At the second presidential debate, a town hall forum held at Hofstra University, 11 undecided voters from Long Island asked President Obama and Mitt Romney questions on a range of issues, including unemployment, gun control, and equal pay for women. Mother Jones caught up with five of them, all of whom are still dealing with the aftermath of Sandy, and asked if they finally have decided. Results? Four of the five say they're voting for Obama. Here's why:
VOTER: Nina E. Gonzalez
QUESTION: "President Obama, during the Democratic National Convention in 2008, you stated you wanted to keep AK-47s out of the hands of criminals. What has your administration done or plan to do to limit the availability of assault weapons?"
VOTING FOR: OBAMA. "If I could have had a clear understanding of how Gov. Romney would have provided jobs, I would have gone with him. The bottom line is we need food, shelter, and clothing before we can take care of any other needs. I never got a clear understanding about how he would do it. With my question at least [Obama] showed some concern. Romney just reiterated that he would advocate that people be able to possess weapons. And he essentially said that single mothers were the problem. They have enough problems. He also flip-flopped in regard to his thoughts about abortion. So, I was not happy with his response."
VOTER: Jeremy Epstein
QUESTION: "Mr. President, Gov. Romney, as a 20-year-old college student, all I hear from professors, neighbors, and others is that when I graduate, I will have little chance to get employment. Can—what can you say to reassure me, but more importantly my parents, that I will be able to sufficiently support myself after I graduate?"
VOTING FOR: OBAMA. "I feel that both Mitt and Obama have completely different paths for our country. I think [Romney] would undo a lot of the work the president has done in the few years of his presidency. We're already on one track; let's give it a chance and see where we are in another four years. I liked Romney's answer to my question better—his business experience swayed me, but the third debate swayed me towards Obama. That was a commander-in-chief test. Romney looked uncomfortable; he didn't look presidential like he did in first debate. How are you gonna lead if you're uncomfortable?"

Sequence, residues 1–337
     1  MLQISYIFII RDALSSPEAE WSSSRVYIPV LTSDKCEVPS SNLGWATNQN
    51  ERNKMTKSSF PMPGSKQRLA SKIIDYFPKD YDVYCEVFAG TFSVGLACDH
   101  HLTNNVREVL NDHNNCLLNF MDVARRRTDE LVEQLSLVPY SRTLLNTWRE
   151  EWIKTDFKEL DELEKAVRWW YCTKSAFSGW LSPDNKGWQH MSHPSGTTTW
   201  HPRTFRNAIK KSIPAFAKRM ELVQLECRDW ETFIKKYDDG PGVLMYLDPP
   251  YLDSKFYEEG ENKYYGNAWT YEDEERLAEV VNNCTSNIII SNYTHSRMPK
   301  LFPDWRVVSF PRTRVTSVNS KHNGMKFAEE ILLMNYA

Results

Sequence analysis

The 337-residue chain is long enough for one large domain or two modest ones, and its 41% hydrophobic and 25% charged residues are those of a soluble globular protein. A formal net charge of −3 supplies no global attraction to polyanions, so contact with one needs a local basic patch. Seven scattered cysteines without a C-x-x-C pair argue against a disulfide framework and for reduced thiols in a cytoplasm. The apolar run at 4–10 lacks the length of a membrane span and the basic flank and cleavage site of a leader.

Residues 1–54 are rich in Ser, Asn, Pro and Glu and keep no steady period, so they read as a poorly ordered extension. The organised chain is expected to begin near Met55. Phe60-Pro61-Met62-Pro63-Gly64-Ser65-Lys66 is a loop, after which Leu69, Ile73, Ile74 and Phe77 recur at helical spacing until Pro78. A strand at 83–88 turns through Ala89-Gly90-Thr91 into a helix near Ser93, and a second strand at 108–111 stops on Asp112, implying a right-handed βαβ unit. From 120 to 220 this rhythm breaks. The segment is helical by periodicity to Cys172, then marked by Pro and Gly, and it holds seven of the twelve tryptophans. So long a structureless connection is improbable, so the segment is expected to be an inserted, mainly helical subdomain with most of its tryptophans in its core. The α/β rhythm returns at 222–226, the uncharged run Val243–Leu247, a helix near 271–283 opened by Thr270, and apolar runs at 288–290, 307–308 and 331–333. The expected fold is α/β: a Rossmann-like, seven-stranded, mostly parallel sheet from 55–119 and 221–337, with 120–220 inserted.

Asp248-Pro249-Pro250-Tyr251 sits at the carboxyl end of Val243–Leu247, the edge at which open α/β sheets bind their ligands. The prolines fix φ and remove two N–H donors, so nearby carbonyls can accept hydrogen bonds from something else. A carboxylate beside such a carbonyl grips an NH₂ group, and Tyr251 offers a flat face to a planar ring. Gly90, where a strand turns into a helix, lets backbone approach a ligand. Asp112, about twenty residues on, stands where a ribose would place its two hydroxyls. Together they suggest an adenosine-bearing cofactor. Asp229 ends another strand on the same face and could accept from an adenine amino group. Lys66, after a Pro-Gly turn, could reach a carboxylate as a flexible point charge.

VOTER: Kerry Ladka
QUESTION: "The State Department refused extra security for our embassy in Benghazi, Libya, prior to the attacks that killed four Americans. Who was it that denied enhanced security and why?
VOTING FOR: OBAMA. "It was always a toss up for me. Romney's business skills are well established, and I think we need a strong economy, but more important is Obama's backing of social plans like Social Security, Medicare, and Medicaid. I don't think he'll hurt them, but I think the Romney-Ryan ticket will try to destroy them. Also I'm a fan of Obamacare. I think this nation needs a national health care plan. I'm not crazy about that entire episode with people dying in Libya, but still, overall, I think he's a better man than the governor."
VOTER: Phillip Tricolla
QUESTION: "Your energy secretary, Steven Chu, has now been on record three times stating it's not policy of his department to help lower gas prices. Do you agree with Secretary Chu that this is not the job of the Energy Department?"
LEANING: ROMNEY. "I'm leaning towards Romney only because I think he's a businessman, and maybe we should try something new—take a chance, go off the beaten path, who knows? Every thing is a shot in the dark at this point. They're both good looking, sharp, very presidential looking. It's really hard. No one is sweeping me away. You know, like sweep me away! I say fix the gas prices. When gas is so expensive, almost $4 a gallon, it sucks so much money out of the economy. You wanna get all the votes? Lower the gas prices, get the natural gas, pull it out of the ground. You'd really make a lot of people happy, especially in upstate New York. It would be the answer to our our prayers."
VOTER: Barry Green
QUESTION: "Each of you: What do you believe is the biggest misperception that the American people have about you as a man and a candidate? Using specific examples, can you take this opportunity to debunk that misperception and set us straight?"
VOTING FOR: OBAMA. "First of all, my wife would kill me if I voted for Romney. But the problem I think for anybody is whether the information you're getting from either side is true or not. I don't have time to look that up. I think they should make debates so that there are fact-checkers who put [the facts] on half the screen. But even if I can't believe either of them, I have to go with the fact that I think that Paul Ryan was the utmost stupid choice of vice president because he's so totally right wing and so totally anti-women's rights. Then with the Supreme Court, there will be one or two positions that come up in the next four years…There's part of me that hopes it ends up a tie and we end up with Romney and Biden."